Monday, 21 September 2009

My Particular Friend

I had such an unusual post planned. As part of the Journée du Patrimoine, a day of access to -- and celebration of -- France's cultural heritage, the Natural History Museum of Rouen offered a one-off guided tour. At night. By torchlight alone!

The museum is a seriously spooky place. Most of its shaggy exhibits date from the nineteenth century, and the long galleries of over-restored, glass-bound beasts give off a gothic Doctor Moreauishness even by day. There you can see the escaped circus elephant that roamed the city in the winter of 1910 (and which died from pneumonia as a result), a two-headed kitten embryo (pasta yellow in Victorian formaldehyde), and a whole menagerie of patched up and flaking beasts. So many glass eyes. Such narrow windows.

I should have liked to take my camera. I should have liked to capture shifting light and shadows in long exposure.

I should have booked earlier.

Having ground my teeth about missing this ghoulish evening, I have decided to turn back to my sketchbooks for a different subject entirely. Here, instead, is a tribute to my particular friend, Ben.

Now, I obviously don't want to suggest that there is any link between Ben and a bunch of moth-eaten, crumbly creatures from the past. He is in fact a fine specimen, and with all his own hair and teeth he's annoyingly better preserved than I am, given that we're the same age.

Ben and I first met when we were four-years-old, and he's worth a mention here mostly because he is the invisible presence behind many of my sketchbook drawings. We have journeyed a lot over the years, and whether he's had to wait for me, go on ahead, or just tolerate my distracted conversation in situ, Ben (who only draws cars) has always been a patient travelling companion.

Neither of us are especially adventurous I suppose (though we do like a laugh) but our wanderings -- from the Scottish Highlands to the Nubian Desert -- have left their traces in dozens of battered Moleskines. This quick sketch, coloured in Photoshop, shows Ben pondering his letters in a game of rude Scrabble (bonus points if you use bad language, especially if you make it up) in a pub in Northumberland. Ben is a formidable opponent, and this must have been dashed off during one of the brief moments when it was his go. No doubt he used an X and a Q across a triple word square and made those at the next table blush.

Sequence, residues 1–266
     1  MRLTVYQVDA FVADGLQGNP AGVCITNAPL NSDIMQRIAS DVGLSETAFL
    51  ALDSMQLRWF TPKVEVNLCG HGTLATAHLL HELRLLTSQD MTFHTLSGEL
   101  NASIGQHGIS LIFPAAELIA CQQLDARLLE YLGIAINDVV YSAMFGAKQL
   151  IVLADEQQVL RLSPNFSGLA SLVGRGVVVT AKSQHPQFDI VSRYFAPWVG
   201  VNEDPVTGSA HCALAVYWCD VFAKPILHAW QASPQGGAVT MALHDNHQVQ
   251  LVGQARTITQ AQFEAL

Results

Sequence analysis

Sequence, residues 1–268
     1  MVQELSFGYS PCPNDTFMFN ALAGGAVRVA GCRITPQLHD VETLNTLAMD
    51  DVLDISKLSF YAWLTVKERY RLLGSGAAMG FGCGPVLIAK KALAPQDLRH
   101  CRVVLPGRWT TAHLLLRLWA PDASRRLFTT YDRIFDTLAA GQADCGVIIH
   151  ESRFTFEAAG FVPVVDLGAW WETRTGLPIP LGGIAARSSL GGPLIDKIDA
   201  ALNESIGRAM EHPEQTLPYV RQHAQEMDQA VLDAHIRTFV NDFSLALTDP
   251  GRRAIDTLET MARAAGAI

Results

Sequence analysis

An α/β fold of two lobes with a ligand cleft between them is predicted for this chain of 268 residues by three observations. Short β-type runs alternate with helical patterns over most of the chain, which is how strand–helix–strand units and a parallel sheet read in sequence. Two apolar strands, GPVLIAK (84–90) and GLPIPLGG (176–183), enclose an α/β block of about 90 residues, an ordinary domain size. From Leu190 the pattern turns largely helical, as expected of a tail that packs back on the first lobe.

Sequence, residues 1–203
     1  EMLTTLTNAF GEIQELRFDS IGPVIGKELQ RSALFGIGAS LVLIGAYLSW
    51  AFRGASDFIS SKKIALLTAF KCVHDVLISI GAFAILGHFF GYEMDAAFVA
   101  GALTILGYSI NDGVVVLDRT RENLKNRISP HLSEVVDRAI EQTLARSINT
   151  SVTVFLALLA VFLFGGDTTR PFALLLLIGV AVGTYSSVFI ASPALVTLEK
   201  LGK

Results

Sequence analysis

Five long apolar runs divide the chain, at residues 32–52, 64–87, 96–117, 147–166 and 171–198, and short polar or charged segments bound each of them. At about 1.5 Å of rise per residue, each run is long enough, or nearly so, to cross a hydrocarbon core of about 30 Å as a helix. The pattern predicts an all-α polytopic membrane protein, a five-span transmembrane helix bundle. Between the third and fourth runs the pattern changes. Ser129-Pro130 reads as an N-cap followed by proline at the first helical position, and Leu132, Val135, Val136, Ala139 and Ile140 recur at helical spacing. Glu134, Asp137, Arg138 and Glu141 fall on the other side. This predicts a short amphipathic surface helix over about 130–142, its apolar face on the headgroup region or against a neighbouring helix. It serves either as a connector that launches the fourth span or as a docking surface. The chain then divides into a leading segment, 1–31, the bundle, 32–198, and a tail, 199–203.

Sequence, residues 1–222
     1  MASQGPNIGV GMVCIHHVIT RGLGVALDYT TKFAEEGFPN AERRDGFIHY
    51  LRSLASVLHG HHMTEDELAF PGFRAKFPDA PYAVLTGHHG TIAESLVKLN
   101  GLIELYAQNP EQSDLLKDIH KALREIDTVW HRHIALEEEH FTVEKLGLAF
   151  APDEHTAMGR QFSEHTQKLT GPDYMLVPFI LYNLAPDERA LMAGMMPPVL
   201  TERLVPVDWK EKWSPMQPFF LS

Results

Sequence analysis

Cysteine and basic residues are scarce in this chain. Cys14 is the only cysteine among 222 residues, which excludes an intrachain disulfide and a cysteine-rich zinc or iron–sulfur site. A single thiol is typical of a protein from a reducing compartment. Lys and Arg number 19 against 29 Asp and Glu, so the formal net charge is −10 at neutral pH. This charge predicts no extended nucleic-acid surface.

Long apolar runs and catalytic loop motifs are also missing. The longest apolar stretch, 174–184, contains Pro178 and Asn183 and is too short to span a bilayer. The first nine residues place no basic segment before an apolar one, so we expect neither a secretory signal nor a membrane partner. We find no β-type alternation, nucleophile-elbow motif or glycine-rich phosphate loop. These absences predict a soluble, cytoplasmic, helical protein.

So no crooked animal shadows for me, but at least I have this chance to thank Ben for all the fun, the foreign forays, and more than thirty years of priceless friendship. May we never need to resort to formaldehyde.


  1. That srarted my day off with a real get back to that tiling, Mr T.!

  2. Wow! That museum tour sounded sooo cool. I would have been totally spooked out.

  3. Yes, I'm still kicking myself that I missed it. At least they should do it next year, and I'm not likely to forget next time.

  4. I wish I had your ticket bad luck last night - had to "enjoy" a two hour concert with a grown woman singing irksome musical "hits" with a couple hundred eight year olds chiming along - plus the odd kid soloist, and I was right at the front so I had to control my snickering! And to top it all off - I couldn't even see my daughter in the choir for all the boys with big hair. What is it with NZ kids and their unruly barnets? Anyhow, commiserations for the tour (and the tiling?!)!

  5. Ha ha, that sounds painful, Rachel.


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